[Feature Request] auto searh for nzbget.conf at startup

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MrVideo
Posts: 38
Joined: 20 Mar 2019, 05:44

[Feature Request] auto searh for nzbget.conf at startup

Post by MrVideo » 20 Mar 2019, 15:29

Various files mention ~/nzbget.conf, /etc/nzbget.conf and the default one in the installdir.

But, I discovered that when I copied the file from the installdir to my home and modified it, it was not opened when I started nzbget, it opened the installdir file.

It would be nice if nzbget searched for the config file in the following order (so that -c isn't needed):
~ ($HOME)
/etc
<install-dir>

Just an idea.

hugbug
Developer & Admin
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Joined: 09 Sep 2008, 11:58
Location: Germany

Re: [Feature Request] auto searh for nzbget.conf at startup

Post by hugbug » 20 Mar 2019, 15:37

It already searches in various places. InstallDir is the most important one and therefore is searched first.

MrVideo
Posts: 38
Joined: 20 Mar 2019, 05:44

Re: [Feature Request] auto searh for nzbget.conf at startup

Post by MrVideo » 20 Mar 2019, 15:42

That makes searching the home location impossible, as it will always find the installdir location, unless one deletes the installdir copy and that will only last until the next install.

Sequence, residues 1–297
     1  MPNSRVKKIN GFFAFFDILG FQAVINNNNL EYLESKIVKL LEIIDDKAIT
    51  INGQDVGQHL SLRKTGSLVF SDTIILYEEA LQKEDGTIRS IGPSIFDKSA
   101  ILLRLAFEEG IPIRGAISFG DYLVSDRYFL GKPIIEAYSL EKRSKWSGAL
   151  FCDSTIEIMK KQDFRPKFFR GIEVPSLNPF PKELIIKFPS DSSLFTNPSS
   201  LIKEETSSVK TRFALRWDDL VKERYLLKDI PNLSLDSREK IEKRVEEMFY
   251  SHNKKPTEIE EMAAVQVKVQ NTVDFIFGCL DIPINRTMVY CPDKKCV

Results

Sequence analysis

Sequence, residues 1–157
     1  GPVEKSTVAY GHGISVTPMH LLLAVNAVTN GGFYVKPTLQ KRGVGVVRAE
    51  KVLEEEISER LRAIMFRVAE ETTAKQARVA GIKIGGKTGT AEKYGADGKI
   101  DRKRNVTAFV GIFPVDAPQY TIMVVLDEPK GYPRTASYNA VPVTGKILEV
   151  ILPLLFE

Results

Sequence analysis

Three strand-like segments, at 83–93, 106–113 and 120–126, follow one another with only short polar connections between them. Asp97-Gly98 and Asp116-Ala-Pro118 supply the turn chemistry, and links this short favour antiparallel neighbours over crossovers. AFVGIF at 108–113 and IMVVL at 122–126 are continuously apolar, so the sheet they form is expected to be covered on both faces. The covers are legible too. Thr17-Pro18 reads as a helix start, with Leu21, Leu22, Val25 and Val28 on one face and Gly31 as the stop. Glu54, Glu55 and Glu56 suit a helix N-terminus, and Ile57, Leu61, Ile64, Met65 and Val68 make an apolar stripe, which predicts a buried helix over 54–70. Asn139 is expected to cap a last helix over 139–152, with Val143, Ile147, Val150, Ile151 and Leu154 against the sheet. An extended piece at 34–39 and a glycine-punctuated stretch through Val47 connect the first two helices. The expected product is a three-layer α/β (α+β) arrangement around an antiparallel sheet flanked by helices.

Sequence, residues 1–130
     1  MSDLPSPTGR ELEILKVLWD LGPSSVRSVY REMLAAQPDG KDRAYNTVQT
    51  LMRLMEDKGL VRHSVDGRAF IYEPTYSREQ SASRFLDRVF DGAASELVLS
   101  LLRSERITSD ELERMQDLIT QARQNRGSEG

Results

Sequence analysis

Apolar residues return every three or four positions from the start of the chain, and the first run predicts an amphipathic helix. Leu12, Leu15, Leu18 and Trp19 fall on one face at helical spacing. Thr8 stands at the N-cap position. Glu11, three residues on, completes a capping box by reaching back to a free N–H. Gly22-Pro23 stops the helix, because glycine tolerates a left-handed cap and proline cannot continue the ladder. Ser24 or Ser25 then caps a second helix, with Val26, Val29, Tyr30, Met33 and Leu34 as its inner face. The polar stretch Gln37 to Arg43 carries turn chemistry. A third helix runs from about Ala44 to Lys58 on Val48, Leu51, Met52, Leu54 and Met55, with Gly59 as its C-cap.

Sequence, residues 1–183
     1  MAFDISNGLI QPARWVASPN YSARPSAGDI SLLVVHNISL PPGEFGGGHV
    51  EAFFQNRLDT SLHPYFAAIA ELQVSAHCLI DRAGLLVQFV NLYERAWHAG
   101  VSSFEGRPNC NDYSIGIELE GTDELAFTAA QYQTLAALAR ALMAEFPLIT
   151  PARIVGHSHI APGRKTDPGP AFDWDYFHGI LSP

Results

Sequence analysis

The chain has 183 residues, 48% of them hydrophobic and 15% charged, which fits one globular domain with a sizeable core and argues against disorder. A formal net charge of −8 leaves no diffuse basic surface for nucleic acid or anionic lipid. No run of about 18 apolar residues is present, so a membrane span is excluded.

So, how can it search various locations if it never gets past the installdir location?

hugbug
Developer & Admin
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Joined: 09 Sep 2008, 11:58
Location: Germany

Re: [Feature Request] auto searh for nzbget.conf at startup

Post by hugbug » 20 Mar 2019, 15:55

Searching in install dir first is very important. That makes a new installation with installer into a new directory a clean and always working installlation, an important thing for troubleshooting.

If you use installer I recommend to keep the config file in install dir. That however isn't the only possible way to install nzbget. If you like the Unix way of installing software (files spread all over the file system) then you can compile nzbget and install it with "make install". Then you wouldn't have config-file near binary file and the config file in home dir will be found first. That's where the search in various places is originated from.

MrVideo
Posts: 38
Joined: 20 Mar 2019, 05:44

Re: [Feature Request] auto searh for nzbget.conf at startup

Post by MrVideo » 20 Mar 2019, 19:40

hugbug wrote:
20 Mar 2019, 15:55
Searching in install dir first is very important. That makes a new installation with installer into a new directory a clean and always working installlation, an important thing for troubleshooting.
On a M$ system, I agree with using the config file in the installdir as the first choice. But, on a Linux/Unix system, the concept of searching the user's home first goes way back. For me, that is over 35 years. If the program is started by root, or at startup, then a home config file won't necessarily be found/created. Then a /etc location would be searched next. In this case usually a place like /etc/nzbget/nzbget.conf. Lastly the installdir location.